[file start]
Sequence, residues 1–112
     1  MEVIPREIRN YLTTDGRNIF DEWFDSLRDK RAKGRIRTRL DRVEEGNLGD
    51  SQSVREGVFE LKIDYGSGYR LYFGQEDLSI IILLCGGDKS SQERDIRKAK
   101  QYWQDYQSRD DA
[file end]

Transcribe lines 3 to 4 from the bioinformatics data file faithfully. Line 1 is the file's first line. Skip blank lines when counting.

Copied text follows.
    51  SQSVREGVFE LKIDYGSGYR LYFGQEDLSI IILLCGGDKS SQERDIRKAK
   101  QYWQDYQSRD DA